Edica Paz v. Wal-Mart Stores, Inc et al

Filing 15

MINUTES OF IN CHAMBERS - ORDER RE PLAINTIFF'S MOTION TO REMAND by Judge Dolly M. Gee: The Court DENIES Plaintiff's motion to remand 9 . See document for further details. Court Reporter: Not Reported. (gk)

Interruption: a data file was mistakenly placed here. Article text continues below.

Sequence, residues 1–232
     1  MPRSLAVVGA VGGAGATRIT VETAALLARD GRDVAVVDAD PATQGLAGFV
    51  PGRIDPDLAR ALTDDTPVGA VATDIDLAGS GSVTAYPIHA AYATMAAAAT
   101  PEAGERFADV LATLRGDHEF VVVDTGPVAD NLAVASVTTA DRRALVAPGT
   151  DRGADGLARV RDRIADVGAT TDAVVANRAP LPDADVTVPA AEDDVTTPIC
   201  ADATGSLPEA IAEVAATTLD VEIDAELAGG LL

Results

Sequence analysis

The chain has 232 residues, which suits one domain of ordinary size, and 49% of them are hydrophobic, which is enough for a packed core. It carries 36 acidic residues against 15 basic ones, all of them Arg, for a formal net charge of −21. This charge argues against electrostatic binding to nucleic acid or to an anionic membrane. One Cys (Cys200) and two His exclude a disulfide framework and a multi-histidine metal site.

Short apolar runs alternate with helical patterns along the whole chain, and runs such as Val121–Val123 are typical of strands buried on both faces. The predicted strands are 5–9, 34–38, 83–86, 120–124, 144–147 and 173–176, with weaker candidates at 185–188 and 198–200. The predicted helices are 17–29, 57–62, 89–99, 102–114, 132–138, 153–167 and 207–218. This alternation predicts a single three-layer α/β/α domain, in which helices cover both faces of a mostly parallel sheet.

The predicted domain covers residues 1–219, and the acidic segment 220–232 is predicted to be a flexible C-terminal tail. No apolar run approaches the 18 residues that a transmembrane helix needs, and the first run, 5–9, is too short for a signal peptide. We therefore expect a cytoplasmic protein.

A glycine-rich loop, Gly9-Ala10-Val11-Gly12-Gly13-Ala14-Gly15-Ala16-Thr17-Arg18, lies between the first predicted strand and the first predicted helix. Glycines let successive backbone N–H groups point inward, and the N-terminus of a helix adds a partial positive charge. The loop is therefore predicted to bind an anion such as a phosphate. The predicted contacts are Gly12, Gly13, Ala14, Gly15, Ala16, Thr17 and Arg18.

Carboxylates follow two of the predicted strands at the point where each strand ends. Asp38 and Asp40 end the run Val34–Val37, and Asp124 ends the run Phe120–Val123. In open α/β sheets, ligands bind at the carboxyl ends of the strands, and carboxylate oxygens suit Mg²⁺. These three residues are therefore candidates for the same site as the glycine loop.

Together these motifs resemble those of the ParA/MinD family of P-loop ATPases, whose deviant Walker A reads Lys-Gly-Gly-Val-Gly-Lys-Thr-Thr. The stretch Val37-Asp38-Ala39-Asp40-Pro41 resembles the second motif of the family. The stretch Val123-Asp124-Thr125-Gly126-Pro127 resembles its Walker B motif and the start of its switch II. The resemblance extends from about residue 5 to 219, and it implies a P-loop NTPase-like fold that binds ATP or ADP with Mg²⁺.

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UNITED STATES DISTRICT COURT CENTRAL DISTRICT OF CALIFORNIA CIVIL MINUTES—GENERAL Case No. Date CV 17-7695 DMG (Ex) Title Edica Paz v. Wal-Mart Stores, Inc., et al. Present: The Honorable March 8, 2018 Page 1 of 3 DOLLY M. GEE, UNITED STATES DISTRICT JUDGE KANE TIEN Deputy Clerk NOT REPORTED Court Reporter Attorneys Present for Plaintiff(s) None Present Attorneys Present for Defendant(s) None Present Proceedings: IN CHAMBERS - ORDER RE PLAINTIFF’S MOTION TO REMAND [9] On October 30, 2017, Plaintiff Edica Paz moved to remand the action to state court (“Motion”) in light of Defendant Wal-Mart Stores, Inc.’s (“Wal-Mart”) alleged untimely notice of removal. [Doc. # 9.] “[S]ection 1446(b) [of Title 28 of the U.S. Code] identifies two [30]-day periods for removing a case.” Carvalho v. Equifax Info. Servs., LLC, 629 F.3d 876, 885 (9th Cir. 2010). Where the complaint’s removability is clear from the face of the “initial pleading,” the first 30day removal period is triggered. Id.; Kuxhausen v. BMW Fin. Servs. NA LLC, 707 F.3d 1136, 1139 (9th Cir. 2013) (“To avoid saddling defendants with the burden of investigating jurisdictional facts, we have held that ‘the ground for removal must be revealed affirmatively in the initial pleading in order for the first [30]-day clock under § 1446(b) to begin.” (quoting Harris v. Bankers Life & Cas. Co., 425 F.3d 689, 695 (9th Cir. 2005))). Where the initial pleading does not reveal a basis for removal, a defendant has 30 days from the date he receives a document “from which it can be ascertained . . . that removal is proper” to remove the action to federal court. Harris, 425 F.3d at 693 (9th Cir. 2005) (citing 28 U.S.C. § 1446(b) (“[I]f the case stated by the initial pleading is not removable, a notice of removal may be filed within 30 days after receipt by the defendant, through service or otherwise, of a copy of an amended pleading, motion, order or other paper from which it may first be ascertained that the case is one which is or has become removable.”)). Here, Plaintiff filed suit in Ventura County Superior Court on June 7, 2017, alleging premises liability in connection with a slip-and-fall that occurred in August 2015 while Plaintiff was shopping at one of Defendant’s stores in Oxnard, California. Ex. 1 (“Complaint”) to Notice of Removal (“NOR”) [Doc. #1]. The Complaint does not allege Plaintiff’s residence, domicile, citizenship, or any other facts that indicate her California citizenship. See id.; Motion at 3. Thus, the first 30-day period was not triggered upon the filing and service of the Complaint. CV-90 CIVIL MINUTES—GENERAL Initials of Deputy Clerk KT UNITED STATES DISTRICT COURT CENTRAL DISTRICT OF CALIFORNIA CIVIL MINUTES—GENERAL Case No. CV 17-7695 DMG (Ex) Title Edica Paz v. Wal-Mart Stores, Inc., et al. Date March 8, 2018 Page 2 of 3 On September 21, 2017, Plaintiff responded to Defendant’s written discovery requests. Ex. 4 to Complaint [Doc. # 1]. In her responses to requests for admission (“RFA”), Plaintiff admitted that, at the time of the incident and at the time of the response, was a California citizen. Id. at RFA Nos. 19–20. Defendant, a citizen of Delaware and Arkansas, learned at that time, for the first time, that there was complete diversity of citizenship between the parties. Suba Decl. at ¶¶ 8–10 [Doc. # 1-1]. Plaintiff’s RFA responses thus triggered the second 30-day removal period. Defendant removed the action to this Court on October 20, 2017. [Doc. # 1.] The October removal was therefore timely. Plaintiff contends that the removal was untimely despite the Complaint’s lack of information about her citizenship. She points to two facts in the Complaint that should have triggered the first 30-day removal period: (1) the Complaint’s allegation that Plaintiff was physically in California when the incident giving rise to the action occurred; and (2) Plaintiff’s California counsel filed suit nearly two years after the incident. Neither of these facts make Plaintiff’s California citizenship, and therefore the Complaint’s removability, ascertainable so as to trigger the first 30-day removal period. Plaintiff also points to three cases in support, but none support remand. In Kuhn v. Brunswick Corp., the District Court for the Northern District of Georgia explained that “[w]hen the initial pleading provides at least a clue as to the plaintiff’s citizenship, the burden is on the defendant to file the petition for removal within [30] days of th[at] initial pleading.” 871 F. Supp. 1444, 1446 (N.D. Ga. 1994). Because the defendant was aware of its Pennsylvania and Delaware citizenship, the plaintiffs filed suit in Georgia, and the incident giving rise to the suit occurred in Michigan, the District Court concluded that defendant “could have intelligently ascertained removability from the face of the initial pleading.” Id. First, Kuhn, a decision coming out of the Eleventh Circuit, is not binding on this Court. Second, the facts are distinguishable. Because the underlying incident here occurred in California, Plaintiff’s filing suit in California against an out-of-state defendant is not a “clue” as to her California citizenship. Plaintiff also cites the Sixth Circuit’s recitation of the law’s rebuttable presumption that a person’s residence is his domicile. See Mason v. Lockwood, Andrews & Newman PC, 842 F.3d 383, 390 (6th Cir. 2016). The law of domicile has no bearing here because the Complaint does not contain any facts, express or implied, to indicate that Plaintiff lives, and therefore is domiciled, in California. See id. Moreover, the issue in Mason was whether the district court properly found that, more likely than not, two-thirds of the proposed class of “residents and property owners in the City of Flint” were citizens of Michigan for purposes of the local controversy exception to federal jurisdiction under the Class Action Fairness Act (“CAFA”). Id. CV-90 CIVIL MINUTES—GENERAL Initials of Deputy Clerk KT UNITED STATES DISTRICT COURT CENTRAL DISTRICT OF CALIFORNIA CIVIL MINUTES—GENERAL Case No. CV 17-7695 DMG (Ex) Title Edica Paz v. Wal-Mart Stores, Inc., et al. Date March 8, 2018 Page 3 of 3 at 386, 389–90. These facts are distinguishable from those alleged here. Further, the Sixth Circuit decision, even if relevant to the circumstances here, is not binding on this Court. Finally, Mondragon v. Capital One Auto Finance, 736 F.3d 880 (9th Cir. 2013), does not support Plaintiff’s position. In Mondragon, the Ninth Circuit “observe[d]” the presumption of continuing domicile (“once established, a person’s state of domicile continues unless rebutted with sufficient evidence of change”), but because the propriety of that presumption was not an issue before the Court, the Court declined to reach the issue. Id. at 885–86. Instead, the issue before the Court was whether the District Court properly granted the plaintiff’s motion to remand, pursuant to the local controversy exception to CAFA, when the plaintiff presented no evidence in support of his local-citizenship-related argument. Id. at 883. Notably, the Ninth Circuit ruled that the District Court erred even though it was “likely” that most of the prospective class members were California citizens in light of the class definition (persons who “purchased a vehicle in California for personal use to be registered in the State of California”). Id. at 883–84. Here, as explained above, the Complaint lacks any clues about Plaintiff’s California citizenship or domicile. Accordingly, Mondragon is inapposite. The Court DENIES Plaintiff’s motion to remand. IT IS SO ORDERED. CV-90 CIVIL MINUTES—GENERAL Initials of Deputy Clerk KT